H E R M E N E U T I C C H A O S J O U R N A L
The sky is low hung, a pregnant black cat.
A set of blue stairs rising to clouds that bend and move,
unfurling like fists. The steps curve to catapult me.
In the dark air there is nothing to hang onto.
The driver watches me while he steers. I do not know him.
He smiles and says navigate. He pops in the lighter on the dashboard.
The movement is fluid and lovely. Quick sand.
An attic. Man on a bed, naked and whispering a language
I do not know. He covers his genitals with hands mimicking a fig leaf,
an umbrella, a tea cup. The soft skin of his abdomen is powder white—
black hieroglyphics spread across his stomach. What do they mean?
He lifts his hands, flutters his fingers like Charlie Chaplin. Below
his penis opens and undulates, sea anemone.
A friend lost to Texas and marriage and misunderstanding
appears in fuchsia sweat pants and familiar white trench coat. I chase him
follow sixteen steps behind. Hide out on a street corner as he smokes on
church steps. I light a cigarette, palm my smoke and exhale criminally.
I am lonely for his blonde, curly hair and short legs. I pray
I will hear him laugh. I think, This is my last one, I swear. No one can know.
I take my mother to my apartment. It has been gutted, rampaged by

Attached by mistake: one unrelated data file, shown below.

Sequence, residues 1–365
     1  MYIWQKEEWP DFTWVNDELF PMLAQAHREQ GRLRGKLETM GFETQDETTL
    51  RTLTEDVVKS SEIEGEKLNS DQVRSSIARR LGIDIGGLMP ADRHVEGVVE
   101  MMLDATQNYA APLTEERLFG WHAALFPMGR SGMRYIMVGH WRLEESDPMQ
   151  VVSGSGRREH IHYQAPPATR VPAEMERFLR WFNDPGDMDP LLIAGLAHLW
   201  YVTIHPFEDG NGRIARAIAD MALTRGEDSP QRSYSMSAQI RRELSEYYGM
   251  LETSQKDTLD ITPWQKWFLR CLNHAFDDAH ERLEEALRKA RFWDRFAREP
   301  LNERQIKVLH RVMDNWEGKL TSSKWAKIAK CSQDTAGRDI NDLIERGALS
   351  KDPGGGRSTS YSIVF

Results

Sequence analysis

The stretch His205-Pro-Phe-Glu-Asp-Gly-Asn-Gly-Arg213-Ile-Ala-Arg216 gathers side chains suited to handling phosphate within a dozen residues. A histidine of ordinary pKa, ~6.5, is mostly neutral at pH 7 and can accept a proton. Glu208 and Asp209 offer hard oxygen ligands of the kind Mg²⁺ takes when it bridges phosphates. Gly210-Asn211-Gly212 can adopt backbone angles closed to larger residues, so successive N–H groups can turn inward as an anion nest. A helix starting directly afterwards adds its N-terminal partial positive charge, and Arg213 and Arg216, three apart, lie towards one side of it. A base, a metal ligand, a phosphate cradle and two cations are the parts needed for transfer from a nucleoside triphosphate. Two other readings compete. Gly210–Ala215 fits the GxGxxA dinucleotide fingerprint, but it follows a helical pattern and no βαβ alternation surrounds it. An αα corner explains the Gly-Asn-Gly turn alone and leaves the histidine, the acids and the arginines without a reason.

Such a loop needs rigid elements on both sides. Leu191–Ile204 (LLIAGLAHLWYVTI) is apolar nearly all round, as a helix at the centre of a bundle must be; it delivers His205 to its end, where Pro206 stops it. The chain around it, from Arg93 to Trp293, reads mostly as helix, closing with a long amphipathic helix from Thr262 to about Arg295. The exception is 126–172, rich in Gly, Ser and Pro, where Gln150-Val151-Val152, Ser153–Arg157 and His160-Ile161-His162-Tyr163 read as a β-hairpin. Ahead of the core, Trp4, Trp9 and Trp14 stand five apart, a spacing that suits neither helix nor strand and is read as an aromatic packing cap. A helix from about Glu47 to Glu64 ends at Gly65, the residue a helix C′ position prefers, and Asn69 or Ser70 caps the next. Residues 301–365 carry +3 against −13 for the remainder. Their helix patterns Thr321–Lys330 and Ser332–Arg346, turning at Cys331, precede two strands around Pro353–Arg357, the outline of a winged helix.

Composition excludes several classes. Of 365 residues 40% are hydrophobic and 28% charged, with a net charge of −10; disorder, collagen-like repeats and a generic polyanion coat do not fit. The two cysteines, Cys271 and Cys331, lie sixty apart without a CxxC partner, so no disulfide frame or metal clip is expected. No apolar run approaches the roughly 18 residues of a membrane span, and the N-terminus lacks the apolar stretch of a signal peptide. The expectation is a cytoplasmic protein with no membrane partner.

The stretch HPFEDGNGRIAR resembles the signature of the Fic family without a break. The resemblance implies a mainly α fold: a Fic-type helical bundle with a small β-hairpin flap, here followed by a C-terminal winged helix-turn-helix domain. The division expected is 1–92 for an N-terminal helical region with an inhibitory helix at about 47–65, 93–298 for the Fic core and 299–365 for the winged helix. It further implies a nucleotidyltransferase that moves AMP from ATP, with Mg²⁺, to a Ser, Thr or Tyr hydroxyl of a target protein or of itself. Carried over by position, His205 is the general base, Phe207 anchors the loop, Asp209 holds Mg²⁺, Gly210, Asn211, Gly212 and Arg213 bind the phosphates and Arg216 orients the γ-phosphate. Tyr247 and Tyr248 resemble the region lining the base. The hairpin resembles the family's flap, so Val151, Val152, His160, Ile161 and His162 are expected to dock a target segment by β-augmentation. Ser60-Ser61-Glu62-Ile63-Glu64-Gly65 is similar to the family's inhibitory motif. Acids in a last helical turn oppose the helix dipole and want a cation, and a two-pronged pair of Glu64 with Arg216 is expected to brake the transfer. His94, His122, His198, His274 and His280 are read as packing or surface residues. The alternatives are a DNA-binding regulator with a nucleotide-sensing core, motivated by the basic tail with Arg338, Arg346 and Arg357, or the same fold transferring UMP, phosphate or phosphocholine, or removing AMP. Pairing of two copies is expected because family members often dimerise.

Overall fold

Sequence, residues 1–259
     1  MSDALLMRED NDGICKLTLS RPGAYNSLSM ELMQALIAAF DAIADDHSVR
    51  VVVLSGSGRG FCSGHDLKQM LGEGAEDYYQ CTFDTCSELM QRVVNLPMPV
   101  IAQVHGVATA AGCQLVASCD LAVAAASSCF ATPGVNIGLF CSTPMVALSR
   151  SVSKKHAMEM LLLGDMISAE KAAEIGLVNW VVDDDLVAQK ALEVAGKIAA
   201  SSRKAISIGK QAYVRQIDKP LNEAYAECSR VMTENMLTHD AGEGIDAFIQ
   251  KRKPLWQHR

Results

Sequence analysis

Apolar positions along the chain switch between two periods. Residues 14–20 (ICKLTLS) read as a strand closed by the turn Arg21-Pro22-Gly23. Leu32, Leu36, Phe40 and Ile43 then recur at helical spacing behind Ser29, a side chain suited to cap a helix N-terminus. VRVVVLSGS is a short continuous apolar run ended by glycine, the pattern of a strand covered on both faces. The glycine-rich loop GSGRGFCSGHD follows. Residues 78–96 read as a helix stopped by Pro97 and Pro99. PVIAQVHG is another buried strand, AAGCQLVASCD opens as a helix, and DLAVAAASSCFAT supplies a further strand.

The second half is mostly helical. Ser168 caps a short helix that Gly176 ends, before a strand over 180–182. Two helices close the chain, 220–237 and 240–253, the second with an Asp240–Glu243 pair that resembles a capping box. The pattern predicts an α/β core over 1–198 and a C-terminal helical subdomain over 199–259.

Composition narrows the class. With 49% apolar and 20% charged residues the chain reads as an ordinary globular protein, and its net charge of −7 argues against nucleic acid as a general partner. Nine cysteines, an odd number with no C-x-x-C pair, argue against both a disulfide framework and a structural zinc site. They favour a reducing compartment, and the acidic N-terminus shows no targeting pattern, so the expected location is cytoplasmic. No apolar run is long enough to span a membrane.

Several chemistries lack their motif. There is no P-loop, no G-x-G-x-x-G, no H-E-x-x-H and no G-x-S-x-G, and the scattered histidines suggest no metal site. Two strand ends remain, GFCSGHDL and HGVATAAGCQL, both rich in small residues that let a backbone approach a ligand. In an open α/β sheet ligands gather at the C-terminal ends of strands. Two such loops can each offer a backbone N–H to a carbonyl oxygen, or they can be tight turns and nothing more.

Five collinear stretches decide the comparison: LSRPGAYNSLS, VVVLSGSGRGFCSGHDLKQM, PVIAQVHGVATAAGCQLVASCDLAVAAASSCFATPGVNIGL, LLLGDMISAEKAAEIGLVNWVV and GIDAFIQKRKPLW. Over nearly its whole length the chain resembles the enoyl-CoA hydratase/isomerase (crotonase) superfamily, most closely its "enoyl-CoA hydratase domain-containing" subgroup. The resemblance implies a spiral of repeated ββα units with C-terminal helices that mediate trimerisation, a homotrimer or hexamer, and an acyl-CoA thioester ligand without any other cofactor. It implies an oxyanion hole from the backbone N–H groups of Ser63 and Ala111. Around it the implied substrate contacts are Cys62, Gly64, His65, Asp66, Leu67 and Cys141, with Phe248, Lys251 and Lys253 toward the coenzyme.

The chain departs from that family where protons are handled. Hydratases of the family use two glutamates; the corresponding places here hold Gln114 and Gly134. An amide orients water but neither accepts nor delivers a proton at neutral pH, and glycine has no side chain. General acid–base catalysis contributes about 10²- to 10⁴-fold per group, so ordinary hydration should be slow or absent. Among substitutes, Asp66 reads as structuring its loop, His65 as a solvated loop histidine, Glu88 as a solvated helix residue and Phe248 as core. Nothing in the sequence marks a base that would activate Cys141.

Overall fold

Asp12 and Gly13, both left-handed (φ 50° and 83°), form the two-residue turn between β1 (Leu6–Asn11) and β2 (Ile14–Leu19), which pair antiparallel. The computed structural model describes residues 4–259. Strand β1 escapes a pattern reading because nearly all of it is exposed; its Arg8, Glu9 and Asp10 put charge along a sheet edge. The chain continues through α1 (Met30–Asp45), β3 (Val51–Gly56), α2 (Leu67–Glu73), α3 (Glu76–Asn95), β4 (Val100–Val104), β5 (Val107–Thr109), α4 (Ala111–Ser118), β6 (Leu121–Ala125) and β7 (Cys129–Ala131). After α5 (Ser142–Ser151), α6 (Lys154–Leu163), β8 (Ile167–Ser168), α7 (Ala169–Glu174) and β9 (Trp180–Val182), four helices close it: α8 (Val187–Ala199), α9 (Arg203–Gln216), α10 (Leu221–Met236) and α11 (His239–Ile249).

flames. A layer of ash has settled like nuclear snow. We take a staircase
down to the ground and the planks are trembling charcoal. My mother
touches my arm and points up. Two birds, whose blue feathers flinch and shiver
like fish scales are mating. From the softness of their eyes, I know they experience
pleasure. I look to my mother. Her face softens, blooms with a pleasure not her own.
Barbara Harroun is an Assistant Professor at Western Illinois University. Her most recent work is forthcoming or appearing in Circus Book, Fiction Southeast, Empty Sink, Per Contra Fiction, and Spelk. Her favorite creative endeavors are her awesome kids, Annaleigh and Jack. When she isn’t writing, reading or teaching, she can be found walking her beloved dog, Banjo or engaging in literacy activism and radical optimism.
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